A Sample Marketing Plan Example: The Strategic Marketing Plan Outline.

5/23/2008 7:36:40 PM

A marketing plan is as important to the business as the “wind pipe” is to the newborn baby.

For the baby, a strong and healthy “wind pipe” means sufficient supplies of oxygen to nourish and sustain their growth.

Without a strong and healthy “windpipe,” a newborn may require medical treatment, hospitalization and even surgery to get the necessary amounts of oxygen to their lungs.

For the business, a marketing plan is the “wind pipe” that supplies the enterprise with customers and revenue keeping it alive and well.

Ultimately, a business is only as healthy and strong - profitable - as its “wind pipe” or its marketing plan. Every business owner should care for their company’s health like they would care for the health of a child. From conception through birth, infancy through adolescence, both the business and the child’s health are sensitive to their environment. Both require constant attention, care, supervision and regular “check ups” to insure they grow and mature properly.

As with the child, a company’s strength is dependent on the health of its plans and systems.

As a parent to premature twin boys, health, “wind pipes” and “check ups” are topics close to my heart.

My twin sons Edward and Phillip were born thirteen weeks prematurely and came without any advance warning. Weighing just one pound fifteen ounces and two pounds one ounce respectively, they weren’t capable of drawing breath on their own.

Edward spent three months and Phillip spent the first five months of his life in a neonatal intensive care unit.

As you can imagine, the trauma of not knowing from hour to hour or day to day whether they were going to live or die was unbearable.

By their first birthday, my sons still weren’t completely healthy. I had racked up $1 million in medical bills and countless sleepless nights. My wife and I were doing everything we possibly could for them and it still wasn’t enough…

The Education Begins

At twenty seven weeks gestation, a newborn’s lungs aren’t fully developed.

From the moment my sons were born, both required a ventilator, supplemental oxygen and steroids just to breathe. Edward was ultimately weaned off life support equipment and medication. However, Phillip’s lungs sustained damage from his premature birth. He required supplemental oxygen and was intubated - oxygen was forced through a tube down his throat for nearly seven months.
This process caused severe damage to his trachea or “wind pipe.”

To eliminate further damage to his trachea from intubation, he was given a tracheostomy. From that moment forward, his lungs were supplied with their oxygen needs through a hole in Phillip’s throat.

What does my sons’ hospitalization have to do with getting more customers and growing a business?

Raising children and running a business are similar in many ways. Whether you’re playing the parent or manager, both roles require your time, undivided attention, energy and resources… Both children and businesses require substantial emotional and financial commitment. Although both can be tremendously rewarding, they can often demand more from you than you can possibly give…

As Edward eventually overcame his breathing problems, Phillip’s breathing problems persisted.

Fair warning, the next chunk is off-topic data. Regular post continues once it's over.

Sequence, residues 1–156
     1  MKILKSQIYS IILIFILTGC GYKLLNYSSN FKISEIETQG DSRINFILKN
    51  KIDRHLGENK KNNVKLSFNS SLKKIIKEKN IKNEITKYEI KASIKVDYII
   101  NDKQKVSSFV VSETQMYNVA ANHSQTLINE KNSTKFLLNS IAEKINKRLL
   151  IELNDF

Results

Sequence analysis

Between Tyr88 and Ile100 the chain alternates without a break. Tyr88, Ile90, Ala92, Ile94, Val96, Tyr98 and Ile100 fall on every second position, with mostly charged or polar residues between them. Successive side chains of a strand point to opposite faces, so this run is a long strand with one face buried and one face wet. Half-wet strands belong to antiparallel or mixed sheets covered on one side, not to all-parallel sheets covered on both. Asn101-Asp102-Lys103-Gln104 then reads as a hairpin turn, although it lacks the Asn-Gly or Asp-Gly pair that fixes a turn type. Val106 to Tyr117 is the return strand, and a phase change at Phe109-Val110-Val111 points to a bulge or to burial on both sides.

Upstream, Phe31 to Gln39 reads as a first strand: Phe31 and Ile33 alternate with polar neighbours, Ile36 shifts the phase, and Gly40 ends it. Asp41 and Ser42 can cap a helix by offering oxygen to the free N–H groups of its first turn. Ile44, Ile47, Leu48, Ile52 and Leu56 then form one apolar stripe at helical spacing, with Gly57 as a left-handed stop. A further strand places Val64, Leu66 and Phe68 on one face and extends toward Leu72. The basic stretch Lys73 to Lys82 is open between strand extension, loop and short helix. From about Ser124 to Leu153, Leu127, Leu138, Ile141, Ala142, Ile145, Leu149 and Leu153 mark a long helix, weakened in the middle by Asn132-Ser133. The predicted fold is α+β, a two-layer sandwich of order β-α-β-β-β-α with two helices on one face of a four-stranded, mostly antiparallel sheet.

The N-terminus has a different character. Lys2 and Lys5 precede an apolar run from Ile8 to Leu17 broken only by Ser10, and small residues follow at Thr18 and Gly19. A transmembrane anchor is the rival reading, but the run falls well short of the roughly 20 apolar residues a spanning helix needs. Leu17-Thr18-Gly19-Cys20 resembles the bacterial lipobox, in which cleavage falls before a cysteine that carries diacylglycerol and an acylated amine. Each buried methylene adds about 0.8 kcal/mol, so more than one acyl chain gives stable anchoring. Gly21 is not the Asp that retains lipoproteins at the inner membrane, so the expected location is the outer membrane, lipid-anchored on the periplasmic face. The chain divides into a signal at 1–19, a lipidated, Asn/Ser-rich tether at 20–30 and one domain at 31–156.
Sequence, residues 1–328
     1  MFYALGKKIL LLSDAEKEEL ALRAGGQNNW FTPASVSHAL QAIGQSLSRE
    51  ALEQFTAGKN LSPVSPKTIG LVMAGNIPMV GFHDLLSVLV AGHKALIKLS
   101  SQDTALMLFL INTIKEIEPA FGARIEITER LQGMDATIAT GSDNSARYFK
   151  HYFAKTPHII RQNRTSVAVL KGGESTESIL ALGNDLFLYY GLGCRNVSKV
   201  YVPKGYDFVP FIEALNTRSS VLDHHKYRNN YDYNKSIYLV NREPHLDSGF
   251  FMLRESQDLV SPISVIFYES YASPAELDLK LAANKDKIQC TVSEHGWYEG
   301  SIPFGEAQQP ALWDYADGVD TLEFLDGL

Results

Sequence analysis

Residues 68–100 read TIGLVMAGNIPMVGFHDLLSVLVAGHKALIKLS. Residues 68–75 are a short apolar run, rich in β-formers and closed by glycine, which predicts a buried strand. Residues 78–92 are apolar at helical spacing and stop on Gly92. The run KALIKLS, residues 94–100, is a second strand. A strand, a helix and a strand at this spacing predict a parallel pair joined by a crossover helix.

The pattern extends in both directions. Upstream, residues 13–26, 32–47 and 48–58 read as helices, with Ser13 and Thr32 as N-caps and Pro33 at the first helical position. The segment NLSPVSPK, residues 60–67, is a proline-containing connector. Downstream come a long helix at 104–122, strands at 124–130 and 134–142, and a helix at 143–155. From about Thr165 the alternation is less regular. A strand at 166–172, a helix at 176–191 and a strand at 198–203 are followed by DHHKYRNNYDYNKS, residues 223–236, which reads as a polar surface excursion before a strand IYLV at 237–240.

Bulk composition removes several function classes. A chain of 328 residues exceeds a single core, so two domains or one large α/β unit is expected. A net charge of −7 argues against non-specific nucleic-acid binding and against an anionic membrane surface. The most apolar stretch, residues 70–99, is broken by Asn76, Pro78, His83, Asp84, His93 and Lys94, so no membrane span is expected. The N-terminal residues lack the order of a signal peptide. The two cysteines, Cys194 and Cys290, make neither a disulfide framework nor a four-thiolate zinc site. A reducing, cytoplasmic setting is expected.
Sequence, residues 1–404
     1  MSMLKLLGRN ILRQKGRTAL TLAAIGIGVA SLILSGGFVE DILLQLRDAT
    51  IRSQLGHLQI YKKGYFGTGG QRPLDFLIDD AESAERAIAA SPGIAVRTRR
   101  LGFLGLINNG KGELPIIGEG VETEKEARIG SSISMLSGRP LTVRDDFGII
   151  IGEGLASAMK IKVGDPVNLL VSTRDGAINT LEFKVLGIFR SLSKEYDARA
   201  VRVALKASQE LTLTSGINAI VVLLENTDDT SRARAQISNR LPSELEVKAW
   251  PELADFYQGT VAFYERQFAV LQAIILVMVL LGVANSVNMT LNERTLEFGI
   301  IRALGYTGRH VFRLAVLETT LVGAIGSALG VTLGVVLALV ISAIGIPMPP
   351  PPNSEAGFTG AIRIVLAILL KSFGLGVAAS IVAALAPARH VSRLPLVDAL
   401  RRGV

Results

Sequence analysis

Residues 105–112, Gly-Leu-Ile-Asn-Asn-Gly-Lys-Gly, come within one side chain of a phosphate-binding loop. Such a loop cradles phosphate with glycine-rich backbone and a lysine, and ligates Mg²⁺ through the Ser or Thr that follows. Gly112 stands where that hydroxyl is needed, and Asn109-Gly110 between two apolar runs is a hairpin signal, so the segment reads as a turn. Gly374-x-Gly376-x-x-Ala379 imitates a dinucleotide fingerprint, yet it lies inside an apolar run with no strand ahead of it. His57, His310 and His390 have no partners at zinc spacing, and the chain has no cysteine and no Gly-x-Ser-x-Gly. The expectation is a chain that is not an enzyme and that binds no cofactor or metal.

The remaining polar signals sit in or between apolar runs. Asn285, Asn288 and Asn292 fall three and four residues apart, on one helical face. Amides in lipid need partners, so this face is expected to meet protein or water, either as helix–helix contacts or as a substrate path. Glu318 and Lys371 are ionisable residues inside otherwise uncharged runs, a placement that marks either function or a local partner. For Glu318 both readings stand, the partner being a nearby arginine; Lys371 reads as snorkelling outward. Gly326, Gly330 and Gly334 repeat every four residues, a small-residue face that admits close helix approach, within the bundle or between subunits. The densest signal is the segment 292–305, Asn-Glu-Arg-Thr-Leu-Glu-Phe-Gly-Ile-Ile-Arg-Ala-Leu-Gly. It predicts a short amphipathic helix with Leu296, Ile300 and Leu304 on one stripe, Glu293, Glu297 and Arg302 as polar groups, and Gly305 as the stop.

From the moment Phillip was born, my wife and I were resigned to the fact we had to rely on the expertise of others - his doctors for his care. In the first year alone, we consulted seven medical specialists at four different hospitals. Because his medical conditions affected different parts of his body, each complication required a specialist.

With each new medical problem, I would have to ask the appropriate physician what Phillip’s treatment options and risks were. In each case, no single doctor oversaw or was in charge of evaluating how treatment of one problem would effect the treatment of the others. This lapse in strategy - all of his problems were treated individually and not as a whole - left my wife and I helplessly in the center of every decision making process.

As Phillip’s complications continued, our belief in his doctors’ vehement prognosis that he would outgrow his problems became more and more difficult to reconcile with the fact his condition had not improved and was getting worse. With little improvement in Phillip’s condition and a great deal of soul searching, my wife and I realized Phillip’s doctors didn’t have his “cure.”

What do you do when you rely on someone for the “cure” and you don’t get it? How many chances do you give them before you seek help elsewhere?

What would you do if your child’s health depended on professionals whom you couldn’t depend on anymore? On Phillip’s first birthday, I finally concluded his doctor’s didn’t have the answers we needed.

How? I asked a direct question: Have you successfully treated or cured problems like Phillip’s before? Their answer wasn’t convincing. How could we expect to get a cure from someone who had never produced one before?

With nothing left to lose, we decided to get a second opinion.

Graduation Day

In Phillip’s case, we decided seeking a second opinion wouldn’t hurt us any more than watching him suffer had. We were still optimistic we could find a cure.

As a marketing consultant, I am usually contacted by a business owner after they too have concluded the treatment they were getting wasn’t quite the “cure” they had hoped for…

At this point in Phillip’s care, we had already seen seven different doctors at four hospitals - and time was running out. With Phillip’s health at stake, we decided to “forget the rest and get the best.” Looking for the best medical care for my son sparked in us the hope for new possibilities. Miraculously, we stumbled onto the interdisciplinary approach to medicine.